Indoor Configuration

10BaseT signals are received with a standard Isolation Transformer with built in filter. These are very common on PC cards but can be difficult to find in single quantities. Try to get some samples from a distributor (Invent a story ...). The other side of the transformer is biased so that the inverter gate can take over. This signal then passes several gates at once to be buffered. The recovered 10BaseT signal from the logic converter is passed trough a 5 pole filter with the following measured characteristic:

The prototype filter can be seen below, the coilds are 12mm diameter, as size goes this close to the acceptable limit!
 This filter will one day be half as wide! But for the moment we will leave the Manchester code where it is. The original idea came from a TVi filter which had a cutoff just after 30 MHz. The design is simple and very reproducable. It is important that the 3dB point of the filter is at 20 MHz to reduce the chance of ISI (inter symbol interference). This baseband signal is fed into a SBL-1 mixer from minicircuits and then amplified. The resulting signal is fed to the terrestrial input of the diplexer. The current prototype:
 Yes, I said it was a prototype (call it feasability study if you want!)


The new prototype #2 demodulator has been measured with the following BER:

As my current link budget is for S/N=20dB, I see no problem with TCP/IP over such a link!

Prototype number 2

Prototype #2 has a seperate modulator and demodulator. It uses a low frequency LNB origianly an old Technisat 10GHz Lo LNB:

Before modification:

This is what the L-band amplifier looked like before modification:

After the simple modification:

Measured gain at 10.07 GHz is over 55 dB and the noise figure is better than 2 dB.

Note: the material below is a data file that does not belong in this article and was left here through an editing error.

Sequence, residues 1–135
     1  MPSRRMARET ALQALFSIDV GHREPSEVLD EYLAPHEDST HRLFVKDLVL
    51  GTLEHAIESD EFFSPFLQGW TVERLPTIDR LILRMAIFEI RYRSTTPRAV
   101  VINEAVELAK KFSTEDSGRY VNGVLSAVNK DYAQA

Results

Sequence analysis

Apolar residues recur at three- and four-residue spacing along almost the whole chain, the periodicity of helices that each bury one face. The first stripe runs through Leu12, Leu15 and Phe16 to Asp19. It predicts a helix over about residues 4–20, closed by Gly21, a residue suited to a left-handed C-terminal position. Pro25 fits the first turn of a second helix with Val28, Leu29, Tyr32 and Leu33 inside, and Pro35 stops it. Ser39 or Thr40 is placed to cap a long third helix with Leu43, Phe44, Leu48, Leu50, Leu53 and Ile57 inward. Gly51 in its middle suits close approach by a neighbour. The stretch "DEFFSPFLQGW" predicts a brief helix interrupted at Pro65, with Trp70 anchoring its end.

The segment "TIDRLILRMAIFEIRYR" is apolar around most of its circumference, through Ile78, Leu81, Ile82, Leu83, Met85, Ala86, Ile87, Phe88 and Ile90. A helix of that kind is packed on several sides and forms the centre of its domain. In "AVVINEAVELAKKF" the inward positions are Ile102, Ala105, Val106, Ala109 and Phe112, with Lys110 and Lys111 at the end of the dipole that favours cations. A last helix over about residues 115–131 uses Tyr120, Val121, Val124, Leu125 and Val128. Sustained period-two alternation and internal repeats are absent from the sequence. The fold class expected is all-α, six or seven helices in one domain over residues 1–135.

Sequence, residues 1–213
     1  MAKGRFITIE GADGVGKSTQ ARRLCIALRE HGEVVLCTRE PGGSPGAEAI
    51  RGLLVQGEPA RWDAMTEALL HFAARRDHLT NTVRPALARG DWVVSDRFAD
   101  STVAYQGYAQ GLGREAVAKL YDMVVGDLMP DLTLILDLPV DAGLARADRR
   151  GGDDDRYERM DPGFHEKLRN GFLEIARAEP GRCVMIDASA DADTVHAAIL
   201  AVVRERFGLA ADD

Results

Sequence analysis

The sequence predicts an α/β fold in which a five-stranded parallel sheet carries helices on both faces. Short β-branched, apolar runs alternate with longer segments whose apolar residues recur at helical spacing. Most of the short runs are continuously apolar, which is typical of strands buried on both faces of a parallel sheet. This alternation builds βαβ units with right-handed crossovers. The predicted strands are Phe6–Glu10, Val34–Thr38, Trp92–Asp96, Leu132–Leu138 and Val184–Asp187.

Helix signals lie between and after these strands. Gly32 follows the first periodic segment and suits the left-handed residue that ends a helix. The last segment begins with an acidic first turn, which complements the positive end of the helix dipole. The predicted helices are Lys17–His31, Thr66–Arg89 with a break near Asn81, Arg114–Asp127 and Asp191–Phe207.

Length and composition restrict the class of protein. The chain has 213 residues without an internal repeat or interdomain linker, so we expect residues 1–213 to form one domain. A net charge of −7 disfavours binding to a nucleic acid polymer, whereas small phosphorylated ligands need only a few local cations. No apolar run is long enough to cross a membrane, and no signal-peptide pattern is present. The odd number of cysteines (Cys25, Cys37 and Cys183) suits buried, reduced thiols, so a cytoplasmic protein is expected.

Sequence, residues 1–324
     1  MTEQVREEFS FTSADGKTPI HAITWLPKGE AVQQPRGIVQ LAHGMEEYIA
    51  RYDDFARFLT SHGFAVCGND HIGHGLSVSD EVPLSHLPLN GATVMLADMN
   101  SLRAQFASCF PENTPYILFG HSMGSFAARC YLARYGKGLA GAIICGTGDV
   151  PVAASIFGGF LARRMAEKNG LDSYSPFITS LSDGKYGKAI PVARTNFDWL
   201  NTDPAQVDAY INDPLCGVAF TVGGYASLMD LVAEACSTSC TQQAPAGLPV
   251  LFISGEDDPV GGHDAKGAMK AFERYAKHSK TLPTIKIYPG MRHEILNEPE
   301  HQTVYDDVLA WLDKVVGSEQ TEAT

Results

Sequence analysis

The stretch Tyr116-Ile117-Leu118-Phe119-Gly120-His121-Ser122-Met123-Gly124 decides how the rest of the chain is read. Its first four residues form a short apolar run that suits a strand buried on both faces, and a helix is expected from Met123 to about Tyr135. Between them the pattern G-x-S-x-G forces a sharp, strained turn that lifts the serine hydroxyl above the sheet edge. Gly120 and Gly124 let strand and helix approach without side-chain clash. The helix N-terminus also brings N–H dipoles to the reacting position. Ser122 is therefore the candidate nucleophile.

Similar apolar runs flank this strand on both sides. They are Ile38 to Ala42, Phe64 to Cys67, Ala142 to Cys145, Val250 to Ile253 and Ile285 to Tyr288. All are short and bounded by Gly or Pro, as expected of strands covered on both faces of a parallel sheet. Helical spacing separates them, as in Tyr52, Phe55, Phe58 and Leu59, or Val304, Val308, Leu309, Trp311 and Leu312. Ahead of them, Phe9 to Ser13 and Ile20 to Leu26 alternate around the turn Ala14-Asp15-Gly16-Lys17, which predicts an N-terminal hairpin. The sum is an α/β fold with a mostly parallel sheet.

The modulator is pretty much a finished design:

The ethernet connection and the low pass filter described above are on the underside of the board. the top right part of the board has the ethernet - TTL - 50Ohm converter. The signal passes through the board to the filter. On the bottom right is the 70 MHz oscillator which feeds the SBL-1 mixer. The resulting BPSK signal finishes up on the BNC connector.

Modifications of this design will be a local oscillator at 480 MHz from a 24 MHz Crystal running at 120 MHz and going through two doublers to give 480 MHz. At this frequency readily available Satellite IF filters can be used to clean up the output spectrum.

The demodulator works well but requires an input signal between 0 and 5 dBm:

The signal starts at the top left, passes through a first SBL-1 mixer which doubles the frequency and stores the signal in the resonant tank below. After further amplification the signal passes into the 74AC74 divider (SMD version below the trim-pot). The 70 MHz coherent carrier is shifted by 90 degrees through the coax and ends up at the top of the board in the second SBL-1 mixer which returns the baseband signal from the original BPSK signal. The baseband signal is amplified via a 4 transistor DC amplifier and converted to TTL on the top right.

Changes, Notes and Docs

I am thinking of using a 2m / 70cm diplexer instead of the Satellite / Terrestrial splitter.


E2010 Ethernet 10BaseT Transformer.


N6GN's Higher Speed Packet Page.